What's my credit score? Alexa can helpPosted: Updated:
CNN Money — Want to know your credit score? Just ask Alexa.
The credit reporting agency Experian announced on Monday that users can now ask Amazon's voice-activated assistant to answer credit-related questions. With the new Experian skill, Alexa can tell users about their credit score and utilization, offer advice and — for those who have access to Experian's credit lock product — check whether their credit is locked, or lock it.
To take advantage of the new product, customers first need to enable Alexa's Experian skill. Then, they have to enter their Experian username and password, plus a personal key created when users enter their information in order to link up their account. Users will have to repeat their pin after five minutes of inactivity.
The new service might ring some alarm bells in light of the Equifax security breach, which exposed the personal information of up to 145.5 million people.
But Jeremy Wasser, Experian's Chief Product Architect, noted that "security is a priority for Experian."
"Creating the personal key adds an additional layer of security for voice services similar to other financial skills in the Alexa ecosystem," said Wasser. "Data between Experian and Alexa are protected via strong encryption methods that meet or exceed multiple industry and federal standards and guidelines."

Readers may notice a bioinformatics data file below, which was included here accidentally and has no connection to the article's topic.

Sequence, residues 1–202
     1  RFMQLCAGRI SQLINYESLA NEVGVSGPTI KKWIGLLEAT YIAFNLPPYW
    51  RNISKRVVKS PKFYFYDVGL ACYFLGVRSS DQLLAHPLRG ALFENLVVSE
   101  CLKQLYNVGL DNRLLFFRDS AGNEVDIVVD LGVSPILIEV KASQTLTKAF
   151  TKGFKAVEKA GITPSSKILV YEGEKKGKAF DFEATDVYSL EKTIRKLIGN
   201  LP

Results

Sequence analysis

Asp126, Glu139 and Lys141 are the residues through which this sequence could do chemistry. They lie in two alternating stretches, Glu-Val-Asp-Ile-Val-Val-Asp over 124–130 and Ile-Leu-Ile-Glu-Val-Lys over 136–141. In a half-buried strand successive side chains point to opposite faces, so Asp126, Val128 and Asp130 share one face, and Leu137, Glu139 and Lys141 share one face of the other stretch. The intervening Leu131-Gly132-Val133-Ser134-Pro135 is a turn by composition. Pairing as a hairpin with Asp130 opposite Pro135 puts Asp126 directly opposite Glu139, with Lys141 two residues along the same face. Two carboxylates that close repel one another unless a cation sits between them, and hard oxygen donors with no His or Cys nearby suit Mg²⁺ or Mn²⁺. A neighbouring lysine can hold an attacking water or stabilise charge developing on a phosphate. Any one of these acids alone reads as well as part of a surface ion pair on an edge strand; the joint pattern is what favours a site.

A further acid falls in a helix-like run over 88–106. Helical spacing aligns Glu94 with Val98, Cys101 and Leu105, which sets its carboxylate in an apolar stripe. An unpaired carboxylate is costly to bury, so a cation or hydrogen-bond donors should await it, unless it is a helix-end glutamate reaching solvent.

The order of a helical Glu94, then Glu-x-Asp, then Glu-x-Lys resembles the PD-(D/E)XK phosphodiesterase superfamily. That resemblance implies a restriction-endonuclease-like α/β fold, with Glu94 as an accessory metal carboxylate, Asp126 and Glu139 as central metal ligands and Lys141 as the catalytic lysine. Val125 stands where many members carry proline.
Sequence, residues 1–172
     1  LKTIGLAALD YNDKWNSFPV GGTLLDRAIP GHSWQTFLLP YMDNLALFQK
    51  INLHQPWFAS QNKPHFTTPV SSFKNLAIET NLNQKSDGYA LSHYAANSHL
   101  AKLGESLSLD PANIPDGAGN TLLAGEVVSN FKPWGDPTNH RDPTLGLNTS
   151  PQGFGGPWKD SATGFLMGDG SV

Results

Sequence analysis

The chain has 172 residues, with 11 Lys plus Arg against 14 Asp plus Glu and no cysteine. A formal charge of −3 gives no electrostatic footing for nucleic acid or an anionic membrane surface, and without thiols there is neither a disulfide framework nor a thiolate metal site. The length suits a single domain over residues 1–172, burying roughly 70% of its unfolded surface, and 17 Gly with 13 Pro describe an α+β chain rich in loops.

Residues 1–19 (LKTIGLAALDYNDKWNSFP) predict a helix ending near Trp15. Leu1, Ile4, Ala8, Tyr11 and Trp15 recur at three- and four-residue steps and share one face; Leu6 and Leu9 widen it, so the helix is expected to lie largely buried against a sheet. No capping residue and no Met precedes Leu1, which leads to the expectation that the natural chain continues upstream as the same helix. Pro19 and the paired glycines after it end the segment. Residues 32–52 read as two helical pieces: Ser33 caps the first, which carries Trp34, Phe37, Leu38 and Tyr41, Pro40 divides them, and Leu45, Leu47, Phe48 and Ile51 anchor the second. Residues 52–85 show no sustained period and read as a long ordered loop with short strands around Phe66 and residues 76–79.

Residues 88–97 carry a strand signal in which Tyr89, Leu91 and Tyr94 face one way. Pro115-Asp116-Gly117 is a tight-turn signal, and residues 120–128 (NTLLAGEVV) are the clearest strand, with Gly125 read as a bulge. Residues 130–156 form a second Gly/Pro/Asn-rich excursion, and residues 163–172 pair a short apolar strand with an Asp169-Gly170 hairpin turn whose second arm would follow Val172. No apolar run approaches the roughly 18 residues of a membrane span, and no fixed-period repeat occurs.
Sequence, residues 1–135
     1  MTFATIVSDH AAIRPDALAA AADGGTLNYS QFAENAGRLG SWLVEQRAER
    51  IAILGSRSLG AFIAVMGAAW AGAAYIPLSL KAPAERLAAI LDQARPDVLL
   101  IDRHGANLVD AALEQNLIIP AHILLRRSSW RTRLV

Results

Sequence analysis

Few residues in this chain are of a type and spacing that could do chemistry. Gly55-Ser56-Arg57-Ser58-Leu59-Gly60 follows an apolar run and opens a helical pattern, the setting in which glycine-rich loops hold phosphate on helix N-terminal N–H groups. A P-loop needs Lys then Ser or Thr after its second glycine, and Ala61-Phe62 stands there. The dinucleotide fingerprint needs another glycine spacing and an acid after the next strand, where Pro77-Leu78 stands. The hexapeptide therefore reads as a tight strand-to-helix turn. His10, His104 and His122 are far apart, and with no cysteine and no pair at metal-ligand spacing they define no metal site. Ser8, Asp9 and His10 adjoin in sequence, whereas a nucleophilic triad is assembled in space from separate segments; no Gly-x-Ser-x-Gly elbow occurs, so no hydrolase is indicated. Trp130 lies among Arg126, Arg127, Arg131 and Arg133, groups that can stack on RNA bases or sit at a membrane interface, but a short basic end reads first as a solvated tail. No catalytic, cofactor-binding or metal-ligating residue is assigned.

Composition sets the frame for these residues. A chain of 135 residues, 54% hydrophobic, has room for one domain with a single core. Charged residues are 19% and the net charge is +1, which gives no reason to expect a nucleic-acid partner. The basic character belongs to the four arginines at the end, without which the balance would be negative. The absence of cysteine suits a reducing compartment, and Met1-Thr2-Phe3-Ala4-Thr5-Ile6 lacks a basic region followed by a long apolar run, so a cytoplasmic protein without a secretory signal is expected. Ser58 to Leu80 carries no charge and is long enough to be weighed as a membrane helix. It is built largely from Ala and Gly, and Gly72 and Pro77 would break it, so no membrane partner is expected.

"We also remind users that the information may be private and one may want to limit those within earshot when using the skill," he added.
An Amazon spokesperson explained that "when customers choose to use a skill that requires account linking, like the Experian skill, account credentials and information stay with the skill developer and are linked to an Alexa user using an access token."
John Shier, a senior security expert at Sophos, said that he is not aware of any Alexa vulnerabilities, but that accessing sensitive information through a new device potentially increases risk of a hack.
"All software contains vulnerabilities," he said. "Introducing yet another device can introduce new vulnerabilities into your environment."
The move is designed to appeal to Millennials, Experian explained in a statement.
"Having Experian data available for members via Alexa makes credit information accessible and approachable to America's largest generation," Experian said, adding that it found that 61% of Millennials check their credit report less than four times a year.
Guy Abramo, president of consumer business at Experian, added that the new feature could help make checking credit a part of people's daily routine. "Consumers use Alexa daily to check the weather, manage bank accounts, play music and more," he said.
"It's natural to incorporate another important element— credit services— into what has become a popular, personal assistant device."
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